“Giorgione created a demand which other painters were forced to supply at the risk of finding no favour. The older painters accommodated themselves as best they could. One of them indeed, turning toward the new in a way that is full of singular charm, gave his later works all the beauty and softness of the first spring days in Italy. Upon hearing the title of one of Catena’s works in the National Gallery, “A Warrior Adoring the Infant Christ,” who could imagine what a treat the picture itself had in store for him? It is a fragrant summer landscape enjoyed by a few quiet people, one of whom, in armour, with the glamour of the Orient about him, kneels at the Virgin’s feet, while a romantic young page holds his horse’s bridle. I mention this picture in particular because it is so accessible, and so good an instance of the Giorgionesque way of treating a subject; not for the story, nor for the display of skill, nor for the obvious feeling, but for the lovely landscape, for the effects of light and colour, and for the sweetness of human relations. Giorgione’s altar-piece at Castelfranco is treated in precisely the same spirit, but with far more genius. [Berenson on Giorgione]
“The landscape was also being reinvented, largely through Giorgione’s example. For the first time, at least in the west, natural scenery was not just background but the main subject of painting (Chinese artists had adopted this approach at least 500 years previously). Dürer is one of the first to have dwelled in detail on the appearance of nature, but it was Giorgione who elevated it to a new level of meaning and art. In The Three Philosophers, a painting now in Vienna, the surroundings, and natural forms of rock and wood, seem to be a deliberate reflection of philosophical ideas – the opposition of light and dark, for example.” [John-Paul Stonard on Giorgione]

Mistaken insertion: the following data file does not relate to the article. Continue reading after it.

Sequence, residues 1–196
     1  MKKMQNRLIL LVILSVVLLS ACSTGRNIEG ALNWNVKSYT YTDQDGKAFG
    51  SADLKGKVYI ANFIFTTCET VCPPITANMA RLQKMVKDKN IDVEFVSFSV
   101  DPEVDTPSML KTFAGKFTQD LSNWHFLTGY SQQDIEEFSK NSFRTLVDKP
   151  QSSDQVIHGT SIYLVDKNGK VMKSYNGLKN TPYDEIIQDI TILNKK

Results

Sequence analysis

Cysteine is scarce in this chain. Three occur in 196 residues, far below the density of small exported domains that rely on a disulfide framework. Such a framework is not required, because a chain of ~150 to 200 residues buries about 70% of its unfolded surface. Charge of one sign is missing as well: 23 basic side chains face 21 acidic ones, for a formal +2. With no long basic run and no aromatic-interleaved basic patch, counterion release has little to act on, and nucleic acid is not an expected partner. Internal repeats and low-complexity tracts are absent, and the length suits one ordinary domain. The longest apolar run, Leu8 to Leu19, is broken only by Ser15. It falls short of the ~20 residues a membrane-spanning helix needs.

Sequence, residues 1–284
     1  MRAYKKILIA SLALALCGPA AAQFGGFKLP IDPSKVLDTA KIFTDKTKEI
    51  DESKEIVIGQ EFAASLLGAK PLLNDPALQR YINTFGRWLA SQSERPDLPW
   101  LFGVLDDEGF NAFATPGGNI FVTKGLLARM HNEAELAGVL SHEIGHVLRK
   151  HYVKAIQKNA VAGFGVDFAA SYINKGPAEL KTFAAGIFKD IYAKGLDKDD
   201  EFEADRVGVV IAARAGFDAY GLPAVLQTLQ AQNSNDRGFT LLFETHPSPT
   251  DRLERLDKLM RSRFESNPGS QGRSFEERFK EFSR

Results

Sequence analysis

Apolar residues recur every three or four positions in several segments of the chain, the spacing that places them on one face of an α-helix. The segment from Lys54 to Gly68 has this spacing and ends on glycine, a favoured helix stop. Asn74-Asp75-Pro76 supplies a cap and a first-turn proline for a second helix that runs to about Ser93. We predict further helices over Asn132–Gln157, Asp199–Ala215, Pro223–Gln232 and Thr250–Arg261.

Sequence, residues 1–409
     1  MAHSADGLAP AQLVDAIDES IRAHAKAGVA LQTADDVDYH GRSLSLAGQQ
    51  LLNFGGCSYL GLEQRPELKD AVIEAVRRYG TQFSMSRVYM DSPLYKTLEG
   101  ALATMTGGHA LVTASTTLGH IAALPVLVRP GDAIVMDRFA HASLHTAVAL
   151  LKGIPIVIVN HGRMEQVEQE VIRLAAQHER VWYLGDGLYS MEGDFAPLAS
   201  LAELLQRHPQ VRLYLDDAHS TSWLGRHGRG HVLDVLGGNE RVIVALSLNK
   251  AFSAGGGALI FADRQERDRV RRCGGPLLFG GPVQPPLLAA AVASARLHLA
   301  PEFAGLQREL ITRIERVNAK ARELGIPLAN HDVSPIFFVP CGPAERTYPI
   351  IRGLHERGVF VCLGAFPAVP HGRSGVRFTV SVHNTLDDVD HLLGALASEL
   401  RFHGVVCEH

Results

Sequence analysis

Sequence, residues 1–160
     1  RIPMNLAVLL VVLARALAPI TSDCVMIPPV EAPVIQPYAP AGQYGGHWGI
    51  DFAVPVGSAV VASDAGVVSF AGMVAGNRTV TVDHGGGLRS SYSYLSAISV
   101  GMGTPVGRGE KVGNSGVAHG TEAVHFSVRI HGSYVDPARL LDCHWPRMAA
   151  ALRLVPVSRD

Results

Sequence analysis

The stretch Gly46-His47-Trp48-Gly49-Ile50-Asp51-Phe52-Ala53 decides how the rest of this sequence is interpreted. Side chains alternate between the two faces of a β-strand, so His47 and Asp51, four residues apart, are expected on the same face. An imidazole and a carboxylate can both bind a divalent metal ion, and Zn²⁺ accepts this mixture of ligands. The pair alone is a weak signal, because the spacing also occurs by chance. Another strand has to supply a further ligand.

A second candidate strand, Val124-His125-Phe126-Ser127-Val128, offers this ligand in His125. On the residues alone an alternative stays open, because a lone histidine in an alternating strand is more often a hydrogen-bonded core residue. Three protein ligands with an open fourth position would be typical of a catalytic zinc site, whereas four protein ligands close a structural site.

“The young painters had no chance at all unless they undertook at once to furnish pictures in Giorgione’s style. But before we can appreciate all that the younger men were called upon to do, we must turn to the consideration of that most wonderful product of the Renaissance and of the painter’s craft—the Portrait….
But Giorgione and his immediate followers painted men and women whose very look leads one to think of sympathetic friends, people whose features are pleasantly rounded, whose raiment seems soft to touch, whose surroundings call up the memory of sweet landscapes and refreshing breezes. In fact, in these portraits the least apparent object was the likeness, the real purpose being to please the eye and to turn the mind toward pleasant themes. This no doubt helps to account for the great popularity of portraits in Venice during the sixteenth century. Their number, as we shall see, only grows larger as the century advances.” [Berenson on Giorgione]